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Higginson-Lewis School celebrates 100th Anniversary

Jacquinn Williams | 12/21/2011, 8:22 a.m.
Students from Higginson-Lewis School play the drums at the 100th Anniversary “We Dare to Dream of Excellence” party on Dec. 9. Jacquinn Williams

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Students from Higginson-Lewis School play the drums at the 100th Anniversary “We Dare to Dream of Excellence” party on Dec. 9.


The Higginson-Lewis K-8 School in Roxbury was all abuzz recently as students and faculty prepared for their 100th Anniversary “We Dare to Dream of Excellence” party.

A night of music by the Boston Symphony Orchestra along with performances by students, the event earlier this month was a mere glimpse of the school’s renewed commitment to the arts.

The school is working to incorporate arts into the curriculum as a result of a recent Boston Public School’s Full Service Community School Grant. The five-year grant will support community partnerships that align with the school’s instructional priorities, according to Lena Reddick, director of Community and Partnerships.

“The overall goal is to decrease the achievement gap,” Reddick explained. “We do that by reaching out and supporting students and families. We go into the community and bring in services for the families. For example, New England Eye Ophthalmology examines all of our children. If they need it, they can get two pairs of free glasses.”

Reddick has only been at the Higginson-Lewis school for one year, but she, along with dedicated teachers and Principal Joy Oliver, have taken major steps in the right direction. She was born in Boston and comes from a long line of abolitionists.

“I have a personal stake in this,” she said. “I grew up here and moved away to New York. Now, I’m back and making a difference in our community.”

Shiny new Apple computers are available for the students to use. They were donated by the Timothy Smith foundation. The school is also focused on technology in the classroom, as evidenced by the use of iTalk for its autistic students — and iPads and smart boards in the computer lab.

Teacher Ed Urban is also excited by all the changes taking place.

“Nine years ago when I started, there weren’t even overhead projectors,” Urban said. “Now, the technology we have allows teachers to be more creative.”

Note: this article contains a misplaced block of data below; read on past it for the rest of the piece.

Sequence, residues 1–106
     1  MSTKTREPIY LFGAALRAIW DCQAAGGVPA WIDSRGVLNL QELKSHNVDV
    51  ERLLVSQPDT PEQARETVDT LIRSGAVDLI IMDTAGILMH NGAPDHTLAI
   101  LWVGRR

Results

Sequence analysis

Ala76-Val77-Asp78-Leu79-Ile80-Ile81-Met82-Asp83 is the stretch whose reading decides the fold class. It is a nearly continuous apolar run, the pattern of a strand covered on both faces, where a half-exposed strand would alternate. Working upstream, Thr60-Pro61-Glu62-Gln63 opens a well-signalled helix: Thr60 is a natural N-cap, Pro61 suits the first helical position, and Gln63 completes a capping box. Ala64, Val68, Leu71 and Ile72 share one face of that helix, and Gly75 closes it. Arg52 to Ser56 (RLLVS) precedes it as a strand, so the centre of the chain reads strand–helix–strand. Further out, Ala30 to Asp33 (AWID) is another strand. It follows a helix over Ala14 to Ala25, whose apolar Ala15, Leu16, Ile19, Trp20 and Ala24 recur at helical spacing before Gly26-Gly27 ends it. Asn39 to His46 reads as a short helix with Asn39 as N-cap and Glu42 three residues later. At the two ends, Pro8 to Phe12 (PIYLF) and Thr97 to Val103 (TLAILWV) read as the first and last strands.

The word “Inspire” is spelled out in big wood letters in the main office.  Trophies of all kinds line the shelves and the walls throughout the school have messages of hope and encouragement from famous African Americans.

Students scurry about in the hallways with clipboards, checking off tasks and asking Reddick for direction. In a basement classroom, accomplished musician and arts teacher Jason Wise, is waiting for his class to come rushing through the doors.

“My eighth grade class is working on a piece based on the movie ‘War Dance,’ ” Wise said. “It’s about Ugandan children displaced by the war. These kids had everything taken away from them. But there’s a musical competition happening there that the kids want to be a part of. Art sustains these kids. I’m trying to show the children in my class how art might save their lives.”

Going to school at Higginson affords students myriad opportunities. Drumming lessons are offered a couple of times per week in certain classes. In addition, the school has a partnership with NASA for Astrology and other sciences.

“We’re excited about being able to open the door to more opportunities for students,” Oliver said. “We’re always looking for creative teachers who are eager to make things happen. I want the children to grow and to take advantage of the resources available.”

Despite its various offerings, the Higginson-Lewis school is still battling its urban reputation.

“You know, there’s lots of talk about our school not being picked [in the self-selection process],” Reddick said. “But, I think it depends on who you ask. Our school is over capacity.”

“We (ethnic minorities) tend to pick schools differently than other communities,” Reddick explained. “We don’t choose schools by scores alone. We want to know if a school can take care of our children. Are we performing above proficiency levels? Yes. Do we still have work to do? Yes.”